And they continue (it's worth listening to them with a critical ear; painful, but instructive).

It should be noted that Adam Savage is not, and has never been, David Hume.  It should also be noted that Adam Savage never claimed to be a devotee of positivism or of scientism.  Nor did he make mention of David Hume, or any of David Hume's views in his speech.

David Hume may be wrong about certain things, no-one doubts that.

Adam Savage may be wrong about certain things, no-one doubts that either.

But when Adam Savage is wrong about things, he is wrong about those things entirely by virtue of his own arguments.  You can’t claim, with any sort of intellectual honesty, that person A is wrong on the grounds that you think that person X is wrong about a subject that person A didn’t even mention.

Furthermore, Humble Don’s quote from Hume is the very last paragraph of his “An Enquiry Concerning Human Understanding” (EHU).  Earlier in the document, Hume makes clear what he means by “metaphysics”:

But this obscurity in the profound and abstract philosophy, is objected to, not only as painful and fatiguing, but as the inevitable source of uncertainty and error. Here indeed lies the justest and most plausible objection against a considerable part of metaphysics, that they are not properly a science; but arise either from the fruitless efforts of human vanity, which would penetrate into subjects utterly inaccessible to the understanding, or from the craft of popular superstitions, which, being unable to defend themselves on fair ground, raise these intangling brambles to cover and protect their weakness. Chaced from the open country, these robbers fly into the forest, and lie in wait to break in upon every unguarded avenue of the mind, and overwhelm it with religious fears and prejudices. The stoutest antagonist, if he remit his watch a moment, is oppressed. And many, through cowardice and folly, open the gates to the enemies, and willingly receive them with reverence and submission, as their legal sovereigns.  (EHU 6)

It was a specific type of “metaphysics” that Hume, some 240 years ago, was railing against.  He was not railing against a more modern philosophical definition of metaphysics”, per Wikipedia:

Metaphysics is a branch of philosophy concerned with explaining the fundamental nature of being and the world, although the term is not easily defined.

In any event, Hume was not making a metaphysical claim; he was making an epistemological claim.  Humble Don accidentally confirms that he knows this is the case when he says “How do I know that this is all that there is to reality, that … that epistemologically all we can know is stuff we can measure?”  Epistemology is the philosophical field concerned with knowledge, what can we know?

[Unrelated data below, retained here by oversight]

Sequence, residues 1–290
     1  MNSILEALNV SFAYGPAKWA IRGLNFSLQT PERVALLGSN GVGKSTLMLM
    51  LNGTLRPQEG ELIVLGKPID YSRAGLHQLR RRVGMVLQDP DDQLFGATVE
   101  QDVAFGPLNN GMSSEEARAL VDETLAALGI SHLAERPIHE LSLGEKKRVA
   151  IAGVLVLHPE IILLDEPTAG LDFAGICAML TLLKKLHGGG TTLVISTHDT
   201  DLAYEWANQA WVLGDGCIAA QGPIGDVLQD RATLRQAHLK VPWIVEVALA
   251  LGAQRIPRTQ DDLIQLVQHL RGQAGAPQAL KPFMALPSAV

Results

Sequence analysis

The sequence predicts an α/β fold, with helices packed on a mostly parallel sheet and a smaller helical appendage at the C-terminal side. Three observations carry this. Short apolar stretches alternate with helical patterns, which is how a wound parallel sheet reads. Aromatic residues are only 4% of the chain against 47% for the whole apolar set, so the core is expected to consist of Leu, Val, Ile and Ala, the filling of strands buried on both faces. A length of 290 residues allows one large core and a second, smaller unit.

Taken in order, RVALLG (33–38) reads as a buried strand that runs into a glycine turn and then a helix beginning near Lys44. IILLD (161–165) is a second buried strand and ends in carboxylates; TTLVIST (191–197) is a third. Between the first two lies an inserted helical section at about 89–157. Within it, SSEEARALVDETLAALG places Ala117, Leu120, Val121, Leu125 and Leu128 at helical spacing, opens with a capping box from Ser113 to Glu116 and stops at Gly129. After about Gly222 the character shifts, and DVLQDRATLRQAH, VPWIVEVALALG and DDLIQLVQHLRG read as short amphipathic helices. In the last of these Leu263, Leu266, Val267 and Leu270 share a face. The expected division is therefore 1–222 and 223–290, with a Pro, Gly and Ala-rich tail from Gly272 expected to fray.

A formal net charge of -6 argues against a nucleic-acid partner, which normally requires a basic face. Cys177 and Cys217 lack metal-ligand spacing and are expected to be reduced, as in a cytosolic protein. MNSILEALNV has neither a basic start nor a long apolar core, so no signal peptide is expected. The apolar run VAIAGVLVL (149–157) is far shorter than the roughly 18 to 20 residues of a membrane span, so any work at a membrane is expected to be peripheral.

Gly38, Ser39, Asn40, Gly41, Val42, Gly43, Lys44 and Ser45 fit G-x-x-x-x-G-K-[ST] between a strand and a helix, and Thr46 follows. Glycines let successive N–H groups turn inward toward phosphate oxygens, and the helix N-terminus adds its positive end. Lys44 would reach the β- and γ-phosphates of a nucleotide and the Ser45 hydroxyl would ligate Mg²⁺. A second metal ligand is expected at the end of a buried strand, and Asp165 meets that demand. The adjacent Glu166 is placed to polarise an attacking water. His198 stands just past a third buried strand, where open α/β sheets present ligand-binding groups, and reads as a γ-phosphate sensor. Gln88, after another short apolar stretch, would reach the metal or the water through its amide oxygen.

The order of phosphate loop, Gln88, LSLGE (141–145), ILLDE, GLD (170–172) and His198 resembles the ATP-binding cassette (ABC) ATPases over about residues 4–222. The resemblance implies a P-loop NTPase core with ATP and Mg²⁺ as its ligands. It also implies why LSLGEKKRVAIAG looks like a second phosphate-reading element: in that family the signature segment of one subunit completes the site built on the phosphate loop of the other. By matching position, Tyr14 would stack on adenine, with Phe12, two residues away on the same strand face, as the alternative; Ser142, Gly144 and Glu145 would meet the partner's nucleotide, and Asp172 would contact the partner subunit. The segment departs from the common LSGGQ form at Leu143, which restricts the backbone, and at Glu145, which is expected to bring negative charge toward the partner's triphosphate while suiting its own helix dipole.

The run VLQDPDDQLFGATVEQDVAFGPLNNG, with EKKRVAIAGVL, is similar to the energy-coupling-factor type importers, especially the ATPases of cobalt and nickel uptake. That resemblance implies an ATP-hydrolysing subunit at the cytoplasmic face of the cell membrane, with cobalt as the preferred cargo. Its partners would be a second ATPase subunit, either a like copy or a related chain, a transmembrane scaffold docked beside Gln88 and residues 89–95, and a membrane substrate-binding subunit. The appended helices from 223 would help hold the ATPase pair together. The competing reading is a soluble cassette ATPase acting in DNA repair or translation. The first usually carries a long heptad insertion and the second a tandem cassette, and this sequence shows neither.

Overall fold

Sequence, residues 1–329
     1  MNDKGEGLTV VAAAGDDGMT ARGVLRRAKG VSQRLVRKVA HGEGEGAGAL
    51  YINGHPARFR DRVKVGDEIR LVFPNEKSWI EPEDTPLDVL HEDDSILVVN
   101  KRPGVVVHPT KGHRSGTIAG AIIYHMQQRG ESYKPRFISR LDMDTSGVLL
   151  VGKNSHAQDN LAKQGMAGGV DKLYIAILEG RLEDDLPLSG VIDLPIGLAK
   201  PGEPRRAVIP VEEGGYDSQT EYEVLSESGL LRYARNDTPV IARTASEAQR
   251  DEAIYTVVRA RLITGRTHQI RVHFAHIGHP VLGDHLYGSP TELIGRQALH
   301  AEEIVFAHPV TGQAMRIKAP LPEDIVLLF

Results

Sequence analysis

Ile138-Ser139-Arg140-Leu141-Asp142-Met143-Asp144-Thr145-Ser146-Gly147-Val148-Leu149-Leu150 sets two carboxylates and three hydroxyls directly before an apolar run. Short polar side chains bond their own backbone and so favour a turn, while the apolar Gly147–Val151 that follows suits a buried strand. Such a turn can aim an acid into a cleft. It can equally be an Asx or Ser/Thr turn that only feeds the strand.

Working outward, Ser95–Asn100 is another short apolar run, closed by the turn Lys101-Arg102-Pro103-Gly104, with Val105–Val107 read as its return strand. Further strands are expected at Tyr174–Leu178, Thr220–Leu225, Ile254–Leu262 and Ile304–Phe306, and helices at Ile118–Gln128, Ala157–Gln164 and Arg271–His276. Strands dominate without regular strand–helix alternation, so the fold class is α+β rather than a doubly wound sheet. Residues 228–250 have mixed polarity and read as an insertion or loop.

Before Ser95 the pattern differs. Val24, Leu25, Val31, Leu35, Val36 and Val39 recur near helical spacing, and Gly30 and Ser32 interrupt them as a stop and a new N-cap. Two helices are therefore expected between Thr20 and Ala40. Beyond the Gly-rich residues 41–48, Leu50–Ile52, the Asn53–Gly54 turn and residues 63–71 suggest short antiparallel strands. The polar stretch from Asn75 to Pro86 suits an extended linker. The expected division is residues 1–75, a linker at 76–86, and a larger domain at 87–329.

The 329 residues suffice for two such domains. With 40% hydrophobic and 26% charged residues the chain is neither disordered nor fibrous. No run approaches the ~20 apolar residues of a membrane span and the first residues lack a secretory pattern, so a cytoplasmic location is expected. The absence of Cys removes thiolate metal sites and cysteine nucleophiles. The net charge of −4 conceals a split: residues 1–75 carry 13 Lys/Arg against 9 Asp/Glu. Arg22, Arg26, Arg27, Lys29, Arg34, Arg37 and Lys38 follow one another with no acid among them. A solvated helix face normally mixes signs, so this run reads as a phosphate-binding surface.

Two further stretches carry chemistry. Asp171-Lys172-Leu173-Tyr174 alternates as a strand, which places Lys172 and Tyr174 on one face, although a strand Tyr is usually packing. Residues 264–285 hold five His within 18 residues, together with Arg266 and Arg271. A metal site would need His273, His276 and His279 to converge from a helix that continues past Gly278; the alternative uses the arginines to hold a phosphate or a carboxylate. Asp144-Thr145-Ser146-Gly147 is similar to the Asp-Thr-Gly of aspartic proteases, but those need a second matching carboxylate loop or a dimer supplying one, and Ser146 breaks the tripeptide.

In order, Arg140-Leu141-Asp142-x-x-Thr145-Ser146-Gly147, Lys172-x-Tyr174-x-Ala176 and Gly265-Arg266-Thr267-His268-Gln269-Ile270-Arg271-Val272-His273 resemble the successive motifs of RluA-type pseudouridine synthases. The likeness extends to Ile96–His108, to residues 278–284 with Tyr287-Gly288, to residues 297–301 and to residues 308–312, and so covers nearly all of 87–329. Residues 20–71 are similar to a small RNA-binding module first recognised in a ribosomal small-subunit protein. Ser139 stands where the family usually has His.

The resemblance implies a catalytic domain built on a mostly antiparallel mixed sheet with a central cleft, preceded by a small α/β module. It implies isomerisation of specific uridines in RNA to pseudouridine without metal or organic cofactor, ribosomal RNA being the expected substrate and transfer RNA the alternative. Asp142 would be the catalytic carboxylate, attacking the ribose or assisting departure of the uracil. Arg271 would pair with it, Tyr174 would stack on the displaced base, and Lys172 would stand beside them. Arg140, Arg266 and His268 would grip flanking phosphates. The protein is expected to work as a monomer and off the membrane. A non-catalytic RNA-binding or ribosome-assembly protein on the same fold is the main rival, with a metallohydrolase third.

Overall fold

Humble Don, who likes to claim that he uses his terms carefully, should not be using the term “metaphysical” at all, since it is unclear whether he means the term in its supernatural (beyond nature) sense.  He should be using either “epistemological”, as would have been correct here, or “ontological”, referring to the nature of being, existence or reality (“ontology” can be considered a part of classical metaphysics, the other parts being “natural theology” and “universal science”).

So, why does Humble Don use metaphysical?  If I were to make the generous assumption that he doesn’t do it deliberately to sow confusion, I would say it is because he’s a bit of an Aquinas fanboy.

According to Aquinas “something can exist separate from matter and motion ... because by its nature it does not exist in matter and motion; but it can exist without them, though we sometimes find it with them” and it is this something that is separate from matter that is the subject matter of metaphysics.  Therefore, things you cannot see or touch, or sense in some way, are sometimes – in the Thomistic sense – metaphysical.

But … and this is a big but … Aquinas in not just talking about something that “can exist separate from matter and motion”, but goes further to clarify that he is talking about something that “can exist without (matter and motion)”.

Ideas, such as being presented by Hume and Savage, satisfy the requirement stated in the first part of the description, if you twist your thinking enough.  However, ideas exist in physical brains which are composed of matter, they do not exist separate from matter and motion – unless you make a huge, unjustified assumption that the mind and body are separate.

Sorry boys, that’s a big embarrassing fail on your part.  Your straw man failed.  Your (ab)use of philosophical terms failed.  Your quote from Hume failed.  If you did indeed attempt to rely on Aquinas then that failed too.

Anyways, despite my misgivings that some idiot(s) might take my world view, misrepresent it, then compare it unfavourably to a misrepresentation of somebody else’s world view which, in reality, only obliquely resembles mine … I’m going to present that world view.